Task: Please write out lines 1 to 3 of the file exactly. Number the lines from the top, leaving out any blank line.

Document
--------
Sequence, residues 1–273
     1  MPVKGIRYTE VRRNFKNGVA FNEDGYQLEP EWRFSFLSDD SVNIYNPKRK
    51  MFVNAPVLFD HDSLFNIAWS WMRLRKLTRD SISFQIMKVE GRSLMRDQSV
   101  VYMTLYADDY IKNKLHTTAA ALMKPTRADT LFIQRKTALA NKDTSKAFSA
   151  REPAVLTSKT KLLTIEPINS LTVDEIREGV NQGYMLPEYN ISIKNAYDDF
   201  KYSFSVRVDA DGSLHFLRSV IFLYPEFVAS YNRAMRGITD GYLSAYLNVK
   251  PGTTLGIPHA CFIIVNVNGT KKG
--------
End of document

Sequence, residues 1–273
     1  MPVKGIRYTE VRRNFKNGVA FNEDGYQLEP EWRFSFLSDD SVNIYNPKRK
    51  MFVNAPVLFD HDSLFNIAWS WMRLRKLTRD SISFQIMKVE GRSLMRDQSV